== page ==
others passed through the parapet, plowing up the earth and destroying much of the work.
To the peculiarly well-located faces of the fort for preventing an enfilading fire from the most favorable position which the enemy's boats could take I attribute chiefly the loss of only one of my command. Had the fort been differently constructed at this point we must certainly have met with far greater casualties. The redan connects with the cremaillere line a part of a series of works planned by Captain Gray, of the Engineer Corps, for the defense of the valley-of the Mississippi Valley-at Island Numbers 10.
Through the night of the 17th the enemy kept up the bombardment from rifled guns and mortars. Since then they have not returned to the close position occupied by them on that day, although they have kept up a continual fire with heavy shell and shot at a greater distance, fortunately doing but little damage to us.
First Lieutenant J. E. Saunders and Orderly Sergt. George J. Chapman, of my company, together with E. Jones and Samuel Jones, of the Signal Corps, were engaged with me the whole day in the defense of the redan, all of whom bore themselves with great coolness and gallantry. Signal-Corps Jones, having the staff of his signal-flag shot away thrice during the engagement, seized the flag in his hand without looking around to listen to exclamations, and continued his important message to headquarters.
First Lieutenant Thomas J. Finnie, with a detachment of 10 men from Captain Sterling's battery (Numbers 2.) and 7 men from Captain Hoaldey's battery (Numbers 3) came to my relief at 4 o'clock on the afternoon of the 17th and gallantly served a gun amid a most terrible fire of the enemy.
Colonel Steedman was with me most of the afternoon, aiding me in every possible way, bringing up re-enforcements through the water, which entirely surrounded the fort, and a detachment from the First Alabama Regiment, with Lieutenants Sanford and Owens, remained in the fort assisting me until the arrival of Lieutenant Finnie.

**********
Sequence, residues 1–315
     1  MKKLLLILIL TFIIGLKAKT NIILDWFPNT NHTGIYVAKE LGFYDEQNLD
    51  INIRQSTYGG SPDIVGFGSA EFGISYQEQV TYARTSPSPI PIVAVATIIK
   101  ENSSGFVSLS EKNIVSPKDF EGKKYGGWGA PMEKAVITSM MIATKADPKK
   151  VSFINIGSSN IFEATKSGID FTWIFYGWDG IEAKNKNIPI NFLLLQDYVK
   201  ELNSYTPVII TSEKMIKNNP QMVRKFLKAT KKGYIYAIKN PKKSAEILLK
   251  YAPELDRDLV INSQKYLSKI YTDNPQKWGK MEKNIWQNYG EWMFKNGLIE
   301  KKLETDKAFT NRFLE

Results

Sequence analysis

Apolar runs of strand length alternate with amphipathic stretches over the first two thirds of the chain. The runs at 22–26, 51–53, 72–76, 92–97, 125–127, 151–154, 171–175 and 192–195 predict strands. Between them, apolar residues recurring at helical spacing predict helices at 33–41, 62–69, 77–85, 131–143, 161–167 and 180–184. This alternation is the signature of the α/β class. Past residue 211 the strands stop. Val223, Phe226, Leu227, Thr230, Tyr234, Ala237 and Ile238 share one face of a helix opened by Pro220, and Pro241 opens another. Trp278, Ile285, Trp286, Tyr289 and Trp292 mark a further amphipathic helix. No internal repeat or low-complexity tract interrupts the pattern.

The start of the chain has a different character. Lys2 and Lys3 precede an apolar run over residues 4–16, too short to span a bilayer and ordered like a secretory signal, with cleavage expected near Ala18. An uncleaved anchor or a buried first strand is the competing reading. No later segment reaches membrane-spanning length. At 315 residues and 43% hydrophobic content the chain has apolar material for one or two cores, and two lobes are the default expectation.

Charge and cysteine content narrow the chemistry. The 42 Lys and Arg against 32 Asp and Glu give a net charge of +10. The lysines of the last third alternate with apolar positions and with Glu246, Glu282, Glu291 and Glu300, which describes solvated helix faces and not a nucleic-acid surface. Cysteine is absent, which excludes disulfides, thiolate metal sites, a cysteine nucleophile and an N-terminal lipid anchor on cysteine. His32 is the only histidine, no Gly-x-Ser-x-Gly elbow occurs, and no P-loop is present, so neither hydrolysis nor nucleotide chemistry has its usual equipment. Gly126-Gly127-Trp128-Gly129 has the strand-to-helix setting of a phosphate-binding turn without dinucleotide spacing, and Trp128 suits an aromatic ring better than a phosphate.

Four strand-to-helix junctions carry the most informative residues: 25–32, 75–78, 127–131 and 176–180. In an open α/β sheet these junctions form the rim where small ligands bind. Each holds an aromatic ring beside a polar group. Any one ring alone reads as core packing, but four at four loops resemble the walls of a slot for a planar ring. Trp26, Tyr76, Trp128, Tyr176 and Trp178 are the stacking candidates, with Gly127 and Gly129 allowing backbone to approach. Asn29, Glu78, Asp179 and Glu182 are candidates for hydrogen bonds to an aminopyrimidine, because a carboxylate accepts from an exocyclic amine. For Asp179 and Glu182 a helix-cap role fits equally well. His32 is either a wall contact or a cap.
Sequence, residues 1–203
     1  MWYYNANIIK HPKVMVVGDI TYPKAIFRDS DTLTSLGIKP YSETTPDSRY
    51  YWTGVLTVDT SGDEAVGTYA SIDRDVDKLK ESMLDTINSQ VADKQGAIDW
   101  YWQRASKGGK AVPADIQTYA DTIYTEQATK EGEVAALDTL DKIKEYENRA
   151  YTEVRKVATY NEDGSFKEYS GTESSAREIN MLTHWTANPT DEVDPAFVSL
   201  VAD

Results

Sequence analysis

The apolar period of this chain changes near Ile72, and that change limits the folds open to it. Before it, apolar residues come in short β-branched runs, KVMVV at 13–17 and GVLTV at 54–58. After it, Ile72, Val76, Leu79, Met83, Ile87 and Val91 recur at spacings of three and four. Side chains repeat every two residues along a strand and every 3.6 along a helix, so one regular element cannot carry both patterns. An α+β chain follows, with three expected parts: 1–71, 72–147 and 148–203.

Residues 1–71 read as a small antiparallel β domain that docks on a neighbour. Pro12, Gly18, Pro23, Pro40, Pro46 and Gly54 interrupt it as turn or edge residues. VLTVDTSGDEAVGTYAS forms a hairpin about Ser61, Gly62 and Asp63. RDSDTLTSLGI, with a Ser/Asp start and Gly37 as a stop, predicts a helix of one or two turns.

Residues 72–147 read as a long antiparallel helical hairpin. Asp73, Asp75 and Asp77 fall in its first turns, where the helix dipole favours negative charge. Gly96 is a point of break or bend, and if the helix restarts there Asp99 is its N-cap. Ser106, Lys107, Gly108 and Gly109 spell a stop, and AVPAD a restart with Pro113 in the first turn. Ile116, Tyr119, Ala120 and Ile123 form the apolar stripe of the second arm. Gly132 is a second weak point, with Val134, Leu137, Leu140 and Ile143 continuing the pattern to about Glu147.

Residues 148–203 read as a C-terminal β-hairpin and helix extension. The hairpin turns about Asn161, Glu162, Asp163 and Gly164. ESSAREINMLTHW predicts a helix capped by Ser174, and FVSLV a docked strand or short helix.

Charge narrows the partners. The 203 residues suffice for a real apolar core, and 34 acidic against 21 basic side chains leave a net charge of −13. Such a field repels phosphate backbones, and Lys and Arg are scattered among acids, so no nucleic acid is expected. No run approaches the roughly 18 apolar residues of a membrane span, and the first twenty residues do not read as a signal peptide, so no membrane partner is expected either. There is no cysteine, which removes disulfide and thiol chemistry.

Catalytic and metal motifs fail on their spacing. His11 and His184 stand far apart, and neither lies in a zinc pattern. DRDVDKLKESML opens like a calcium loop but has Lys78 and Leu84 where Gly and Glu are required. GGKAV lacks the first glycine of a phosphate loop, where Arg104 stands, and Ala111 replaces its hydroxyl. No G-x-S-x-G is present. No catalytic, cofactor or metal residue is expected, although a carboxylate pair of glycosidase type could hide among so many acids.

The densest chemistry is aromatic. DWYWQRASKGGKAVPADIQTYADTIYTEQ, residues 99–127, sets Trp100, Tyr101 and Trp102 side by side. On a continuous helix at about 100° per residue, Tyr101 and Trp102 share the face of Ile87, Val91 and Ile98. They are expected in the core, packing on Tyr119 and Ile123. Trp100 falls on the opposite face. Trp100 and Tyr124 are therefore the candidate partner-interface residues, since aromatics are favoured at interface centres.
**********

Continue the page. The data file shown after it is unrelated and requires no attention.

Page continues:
During the afternoon Lieutenant Tidmarsh, of the Ordnance, and Captains Harris, Wintter, and Gray also came to assist me.
Captains Gray, chief engineer, and Wintter, Lieutenant McMahon, of the Engineers, with the Sappers and Miners, and a force of hands (negroes), under Major Estis, of Haywood County, Tennessee, rendered most efficient service, repairing damages, under fire of the enemy, and putting the fort in a defensible condition.
Notwithstanding the bombardment has been continued by the enemy each day and night since the 17th instant, but very little return fire has been made by us, from the fact of the long range at which they have chosen their position. But to the officers who have relieved me from day to day I respectfully refer to for detailed reports.
To Colonel Steedman and all the above officers and men with me under fire of the enemy on the 17th instant I desire to express my deep indebtedness for their services.
To the general commanding, to General Walker, and to General Trudeau, chief of artillery, who have sustained me in the defense of the redan, I desire to return my sincere thanks.
All of which is respectfully submitted.
EDWARD W. RUCKER,
Captain of Arty., C. S. Army, Commanding Bat. Numbers 1.
Major General JOHN P. McCOWN,
11 R R-VOL VIII